Why your friends are disappearing from your Instagram feed – Sydney Morning Herald
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You might have noticed that Instagram has recently made a few cute changes to your feed.
Practically all your friends’ content is gone. There are roughly 100 times more ads. It’s stacked with reposted TikToks from meme accounts you don’t follow. And everything is played at full volume against your will.
This morning I scrolled past 64 shoddy videos and screenshotted tweets before seeing one photo from a friend. Each swipe felt like I was wading, deeper and deeper, into a sea of hot internet garbage. And, thanks to the app’s new “immersive” screen display, I very quickly felt my head slip underwater.
The new Instagram is a lot like TikTok… if TikTok was far, far worse.
Before we go any further, I know how this sounds. Complaining about changes to a social media platform is boring. We’re all scared of change. Everyone hates the new until the second they kinda love it. But I really feel like this complaint is justified.
Other users have called this “one of the worst updates to an app [they] have ever seen” and argued Instagram has become “one of the most unbearable, unusable social media platforms to exist” (a huge call considering the competition includes Facebook, Twitter and Reddit).
This is partly because the changes – which the app has been testing with select users since May – are clunky. The scrolling function doesn’t work very well. The forced audio is annoying. It all feels like a D-grade knockoff of TikTok.
But a much bigger part of the frustration is that these changes represent a fundamental shift in what the app is, especially when compared to what it promised us.
Instagram was supposed to be a living photo album; a place where you could trade snapshots of your life and keep up to date with the people you love and the people you’ve been weirdly stalking since high school. But as the platform pushes more and more “recommended” posts into our feeds (usually high-profile accounts, viral video creators and internet-famous dogs) to boost engagement, it pushes out the people we actually know and care about.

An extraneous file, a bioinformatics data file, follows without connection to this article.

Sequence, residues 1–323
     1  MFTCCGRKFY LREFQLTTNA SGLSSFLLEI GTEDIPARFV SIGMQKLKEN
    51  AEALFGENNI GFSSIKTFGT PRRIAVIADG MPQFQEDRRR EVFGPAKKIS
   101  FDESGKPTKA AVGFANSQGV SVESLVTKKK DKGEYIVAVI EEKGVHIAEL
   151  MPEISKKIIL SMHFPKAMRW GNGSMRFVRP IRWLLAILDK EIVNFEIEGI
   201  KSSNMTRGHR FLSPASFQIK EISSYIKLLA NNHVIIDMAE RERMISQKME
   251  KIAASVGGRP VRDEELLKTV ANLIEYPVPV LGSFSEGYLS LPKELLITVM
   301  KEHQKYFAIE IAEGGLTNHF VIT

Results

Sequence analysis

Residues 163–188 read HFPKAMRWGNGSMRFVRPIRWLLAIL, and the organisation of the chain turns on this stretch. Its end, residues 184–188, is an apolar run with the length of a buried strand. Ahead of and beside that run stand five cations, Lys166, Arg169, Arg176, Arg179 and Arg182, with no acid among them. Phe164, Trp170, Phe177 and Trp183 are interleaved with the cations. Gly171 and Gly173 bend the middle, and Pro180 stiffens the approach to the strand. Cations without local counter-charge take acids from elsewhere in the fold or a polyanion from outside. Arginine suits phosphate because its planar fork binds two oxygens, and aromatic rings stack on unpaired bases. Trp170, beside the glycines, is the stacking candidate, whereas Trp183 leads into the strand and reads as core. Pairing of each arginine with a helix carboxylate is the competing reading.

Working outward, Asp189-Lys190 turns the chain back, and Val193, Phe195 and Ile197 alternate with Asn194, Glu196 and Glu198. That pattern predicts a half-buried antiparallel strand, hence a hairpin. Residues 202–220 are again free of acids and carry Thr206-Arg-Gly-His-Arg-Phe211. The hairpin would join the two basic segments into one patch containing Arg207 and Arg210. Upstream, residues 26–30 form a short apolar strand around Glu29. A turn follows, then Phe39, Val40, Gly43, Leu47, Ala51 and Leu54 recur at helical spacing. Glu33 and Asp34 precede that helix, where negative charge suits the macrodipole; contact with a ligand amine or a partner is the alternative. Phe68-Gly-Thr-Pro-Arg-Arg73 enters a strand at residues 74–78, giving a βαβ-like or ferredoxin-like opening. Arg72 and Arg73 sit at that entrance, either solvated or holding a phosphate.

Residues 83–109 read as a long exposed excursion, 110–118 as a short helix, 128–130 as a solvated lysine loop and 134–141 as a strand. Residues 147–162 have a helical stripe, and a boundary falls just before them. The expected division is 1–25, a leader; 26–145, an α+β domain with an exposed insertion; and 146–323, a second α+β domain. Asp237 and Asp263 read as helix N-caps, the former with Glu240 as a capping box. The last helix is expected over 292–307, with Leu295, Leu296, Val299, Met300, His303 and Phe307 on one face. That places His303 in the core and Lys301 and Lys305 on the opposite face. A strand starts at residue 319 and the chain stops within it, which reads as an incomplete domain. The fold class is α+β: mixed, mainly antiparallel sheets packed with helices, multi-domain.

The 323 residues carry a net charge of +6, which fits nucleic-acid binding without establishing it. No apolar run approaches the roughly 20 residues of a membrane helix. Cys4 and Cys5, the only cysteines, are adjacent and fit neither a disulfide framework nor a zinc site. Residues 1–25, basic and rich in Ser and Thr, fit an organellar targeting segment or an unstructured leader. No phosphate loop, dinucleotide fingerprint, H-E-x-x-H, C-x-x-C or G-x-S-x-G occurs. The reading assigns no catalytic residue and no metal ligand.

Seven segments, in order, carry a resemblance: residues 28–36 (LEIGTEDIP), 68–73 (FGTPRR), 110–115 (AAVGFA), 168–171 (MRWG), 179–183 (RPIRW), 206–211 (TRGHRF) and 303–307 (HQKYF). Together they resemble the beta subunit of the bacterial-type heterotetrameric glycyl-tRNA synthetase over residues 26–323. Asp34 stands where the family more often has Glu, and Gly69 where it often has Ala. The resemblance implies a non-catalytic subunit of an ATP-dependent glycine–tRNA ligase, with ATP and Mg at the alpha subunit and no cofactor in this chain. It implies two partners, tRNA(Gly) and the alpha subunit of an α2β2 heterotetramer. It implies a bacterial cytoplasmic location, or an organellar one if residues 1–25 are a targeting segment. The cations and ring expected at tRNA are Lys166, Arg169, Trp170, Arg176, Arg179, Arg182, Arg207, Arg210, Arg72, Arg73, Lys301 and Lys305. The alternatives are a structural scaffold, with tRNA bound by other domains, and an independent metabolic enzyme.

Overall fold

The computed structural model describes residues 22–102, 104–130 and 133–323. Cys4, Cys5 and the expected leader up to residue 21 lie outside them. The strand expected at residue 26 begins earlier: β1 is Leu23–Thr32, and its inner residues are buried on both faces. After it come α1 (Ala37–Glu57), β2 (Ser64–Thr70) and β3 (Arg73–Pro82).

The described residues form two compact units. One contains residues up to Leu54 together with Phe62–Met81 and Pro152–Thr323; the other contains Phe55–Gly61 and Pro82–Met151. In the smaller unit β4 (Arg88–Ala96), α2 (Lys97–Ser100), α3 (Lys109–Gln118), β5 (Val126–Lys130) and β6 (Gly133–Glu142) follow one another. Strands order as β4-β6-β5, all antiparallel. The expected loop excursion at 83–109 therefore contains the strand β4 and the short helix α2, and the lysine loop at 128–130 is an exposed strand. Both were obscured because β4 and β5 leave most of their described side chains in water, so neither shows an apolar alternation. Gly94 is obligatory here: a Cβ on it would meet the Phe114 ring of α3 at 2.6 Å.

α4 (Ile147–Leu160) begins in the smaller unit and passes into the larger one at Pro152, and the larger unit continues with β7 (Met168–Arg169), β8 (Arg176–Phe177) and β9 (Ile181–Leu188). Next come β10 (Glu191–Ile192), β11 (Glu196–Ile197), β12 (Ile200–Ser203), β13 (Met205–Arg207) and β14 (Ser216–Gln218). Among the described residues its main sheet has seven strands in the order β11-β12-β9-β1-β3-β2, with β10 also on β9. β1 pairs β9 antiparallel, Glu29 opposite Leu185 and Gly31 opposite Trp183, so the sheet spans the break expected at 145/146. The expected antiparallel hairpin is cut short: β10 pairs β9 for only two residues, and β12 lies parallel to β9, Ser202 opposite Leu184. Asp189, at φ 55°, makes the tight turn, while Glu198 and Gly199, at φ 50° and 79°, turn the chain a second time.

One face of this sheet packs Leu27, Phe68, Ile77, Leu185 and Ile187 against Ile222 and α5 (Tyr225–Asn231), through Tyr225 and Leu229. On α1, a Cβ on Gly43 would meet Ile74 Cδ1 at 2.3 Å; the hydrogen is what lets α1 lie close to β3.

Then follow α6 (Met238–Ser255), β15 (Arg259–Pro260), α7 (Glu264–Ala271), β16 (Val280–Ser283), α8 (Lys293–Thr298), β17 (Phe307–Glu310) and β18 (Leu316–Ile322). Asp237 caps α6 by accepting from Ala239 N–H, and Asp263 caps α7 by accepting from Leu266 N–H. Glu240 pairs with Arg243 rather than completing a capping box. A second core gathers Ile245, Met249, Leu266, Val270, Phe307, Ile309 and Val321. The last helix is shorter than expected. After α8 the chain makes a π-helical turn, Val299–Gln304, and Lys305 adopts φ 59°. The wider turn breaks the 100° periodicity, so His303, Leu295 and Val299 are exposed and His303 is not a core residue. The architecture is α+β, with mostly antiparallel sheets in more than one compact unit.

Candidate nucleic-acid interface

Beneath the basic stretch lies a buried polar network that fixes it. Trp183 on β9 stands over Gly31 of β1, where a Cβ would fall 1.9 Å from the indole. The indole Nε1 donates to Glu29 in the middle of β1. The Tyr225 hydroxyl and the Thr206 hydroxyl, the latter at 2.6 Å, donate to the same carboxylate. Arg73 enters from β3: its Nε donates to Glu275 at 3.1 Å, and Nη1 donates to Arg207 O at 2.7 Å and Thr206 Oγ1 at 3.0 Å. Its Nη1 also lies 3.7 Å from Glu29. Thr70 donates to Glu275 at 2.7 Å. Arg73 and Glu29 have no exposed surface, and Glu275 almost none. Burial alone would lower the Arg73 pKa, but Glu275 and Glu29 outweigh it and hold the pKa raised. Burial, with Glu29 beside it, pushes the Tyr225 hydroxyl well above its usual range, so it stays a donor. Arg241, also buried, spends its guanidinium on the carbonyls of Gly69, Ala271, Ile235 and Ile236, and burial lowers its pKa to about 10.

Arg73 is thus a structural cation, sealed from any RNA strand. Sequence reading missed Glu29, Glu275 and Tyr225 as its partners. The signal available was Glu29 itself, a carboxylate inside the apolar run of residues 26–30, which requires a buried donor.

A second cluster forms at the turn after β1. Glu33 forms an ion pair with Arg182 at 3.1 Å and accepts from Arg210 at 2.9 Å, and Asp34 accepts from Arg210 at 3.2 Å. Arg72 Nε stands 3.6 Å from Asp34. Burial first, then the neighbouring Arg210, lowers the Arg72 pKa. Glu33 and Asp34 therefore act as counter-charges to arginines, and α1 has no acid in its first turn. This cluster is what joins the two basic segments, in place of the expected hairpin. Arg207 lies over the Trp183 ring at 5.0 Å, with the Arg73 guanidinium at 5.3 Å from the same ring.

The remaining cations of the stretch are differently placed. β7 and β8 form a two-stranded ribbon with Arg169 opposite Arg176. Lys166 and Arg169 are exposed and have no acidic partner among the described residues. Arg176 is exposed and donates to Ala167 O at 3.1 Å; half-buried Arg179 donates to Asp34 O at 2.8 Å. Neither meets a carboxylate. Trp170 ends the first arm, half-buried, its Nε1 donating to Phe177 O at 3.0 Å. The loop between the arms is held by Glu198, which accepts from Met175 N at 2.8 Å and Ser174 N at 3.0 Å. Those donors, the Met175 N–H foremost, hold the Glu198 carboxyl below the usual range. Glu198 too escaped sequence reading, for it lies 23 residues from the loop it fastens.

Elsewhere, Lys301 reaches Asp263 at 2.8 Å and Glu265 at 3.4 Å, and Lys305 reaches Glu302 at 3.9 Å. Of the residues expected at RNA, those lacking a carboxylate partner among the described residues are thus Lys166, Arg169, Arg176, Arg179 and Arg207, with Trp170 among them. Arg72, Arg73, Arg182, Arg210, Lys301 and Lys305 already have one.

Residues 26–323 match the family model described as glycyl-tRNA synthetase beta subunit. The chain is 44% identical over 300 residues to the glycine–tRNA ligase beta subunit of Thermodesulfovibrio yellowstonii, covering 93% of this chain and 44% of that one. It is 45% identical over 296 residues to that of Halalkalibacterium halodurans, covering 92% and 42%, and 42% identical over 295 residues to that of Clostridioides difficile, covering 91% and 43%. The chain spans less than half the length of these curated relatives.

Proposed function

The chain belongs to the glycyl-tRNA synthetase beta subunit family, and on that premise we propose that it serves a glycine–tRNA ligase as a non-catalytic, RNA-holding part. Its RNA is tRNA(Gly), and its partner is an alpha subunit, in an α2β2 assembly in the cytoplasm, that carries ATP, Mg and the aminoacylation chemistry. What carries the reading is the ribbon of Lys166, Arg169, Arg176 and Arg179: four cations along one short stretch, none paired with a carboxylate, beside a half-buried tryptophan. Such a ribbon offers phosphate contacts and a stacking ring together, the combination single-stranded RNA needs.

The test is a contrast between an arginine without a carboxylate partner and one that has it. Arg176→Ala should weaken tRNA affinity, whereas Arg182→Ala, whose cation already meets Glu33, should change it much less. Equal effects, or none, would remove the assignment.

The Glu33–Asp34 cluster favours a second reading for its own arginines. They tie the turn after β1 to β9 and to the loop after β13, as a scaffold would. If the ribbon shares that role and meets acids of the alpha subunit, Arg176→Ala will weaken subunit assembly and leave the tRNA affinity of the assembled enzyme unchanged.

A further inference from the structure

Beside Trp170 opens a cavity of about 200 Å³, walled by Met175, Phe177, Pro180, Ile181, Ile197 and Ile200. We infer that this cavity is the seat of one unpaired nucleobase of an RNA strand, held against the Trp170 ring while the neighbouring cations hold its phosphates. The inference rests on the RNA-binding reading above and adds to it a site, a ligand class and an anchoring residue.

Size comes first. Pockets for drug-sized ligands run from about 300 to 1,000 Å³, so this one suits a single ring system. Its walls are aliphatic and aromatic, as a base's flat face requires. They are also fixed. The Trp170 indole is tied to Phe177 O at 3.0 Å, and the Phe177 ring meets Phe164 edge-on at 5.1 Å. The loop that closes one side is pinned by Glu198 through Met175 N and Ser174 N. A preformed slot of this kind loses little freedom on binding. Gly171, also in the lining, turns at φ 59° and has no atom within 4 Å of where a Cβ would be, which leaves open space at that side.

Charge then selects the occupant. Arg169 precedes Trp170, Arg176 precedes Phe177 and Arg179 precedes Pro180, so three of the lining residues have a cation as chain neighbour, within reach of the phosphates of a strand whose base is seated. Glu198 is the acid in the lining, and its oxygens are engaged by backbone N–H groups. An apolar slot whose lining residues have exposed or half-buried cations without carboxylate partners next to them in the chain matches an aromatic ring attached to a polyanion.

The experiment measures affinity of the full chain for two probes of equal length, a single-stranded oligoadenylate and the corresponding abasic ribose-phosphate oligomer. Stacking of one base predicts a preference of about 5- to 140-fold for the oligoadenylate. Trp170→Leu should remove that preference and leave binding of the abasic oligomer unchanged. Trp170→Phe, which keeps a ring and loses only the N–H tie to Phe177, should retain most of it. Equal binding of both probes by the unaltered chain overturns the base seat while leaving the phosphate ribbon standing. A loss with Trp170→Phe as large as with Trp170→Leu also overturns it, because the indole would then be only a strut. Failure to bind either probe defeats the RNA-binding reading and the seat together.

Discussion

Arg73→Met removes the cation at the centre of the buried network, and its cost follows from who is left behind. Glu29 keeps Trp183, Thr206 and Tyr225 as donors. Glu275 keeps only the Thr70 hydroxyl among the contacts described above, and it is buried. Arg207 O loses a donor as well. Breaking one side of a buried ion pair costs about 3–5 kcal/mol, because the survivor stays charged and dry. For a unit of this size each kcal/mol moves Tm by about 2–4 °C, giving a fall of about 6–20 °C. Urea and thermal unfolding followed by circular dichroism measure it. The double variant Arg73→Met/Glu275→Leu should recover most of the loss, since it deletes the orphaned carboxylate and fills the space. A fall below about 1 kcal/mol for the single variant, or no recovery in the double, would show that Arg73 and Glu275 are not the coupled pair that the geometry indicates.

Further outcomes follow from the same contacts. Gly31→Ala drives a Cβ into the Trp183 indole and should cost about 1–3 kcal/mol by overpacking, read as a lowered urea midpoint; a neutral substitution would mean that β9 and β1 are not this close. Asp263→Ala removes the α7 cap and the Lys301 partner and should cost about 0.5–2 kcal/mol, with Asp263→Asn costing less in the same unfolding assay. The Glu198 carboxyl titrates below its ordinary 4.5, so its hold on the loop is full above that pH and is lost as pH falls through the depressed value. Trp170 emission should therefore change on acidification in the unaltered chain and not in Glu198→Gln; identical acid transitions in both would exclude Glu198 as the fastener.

Our feeds aren’t about us anymore. They’re just a place where we get marketed to.
Miss your old feed? You can get a version of it back by hitting the ‘Following’ button under the logo to the top left of your screen. Credit:Instagram/Meta
This loss doesn’t sound like much but, put in a broader context, it really feels like the end of an era. From coding backgrounds on your MySpace page to uploading full photo albums on Facebook, curation has always been a core part of social media – and that comes with a sense of ownership. These places were cosy little corners of the internet we could make our own, and connect with our friends who were doing the same.
Now MySpace is long dead, Facebook is the place your family members argue in the comments sections of news stories, and the most engaging platform is TikTok: an app that’s ultimately about entertainment rather than social connection, and functions through an all-knowing algorithm we have no understanding, let alone control, of.
Yes, we still have Instagram Stories. And the app has given us options to claw back some control too (you can snooze suggested posts for 30 days and get filtered ‘Following’ and ‘Favourites’ versions of your feed through a drop-down menu on the top left).
But the changes mark a clear shift in direction. And it’s fundamentally depressing to realise that a few lines of code can almost entirely push you out of the cosy online nook you’ve spent more than a decade decorating.
I never thought I’d feel so nostalgic for people’s bad food pics and monthly photo dumps.
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August 4, 2022 at 09:13AM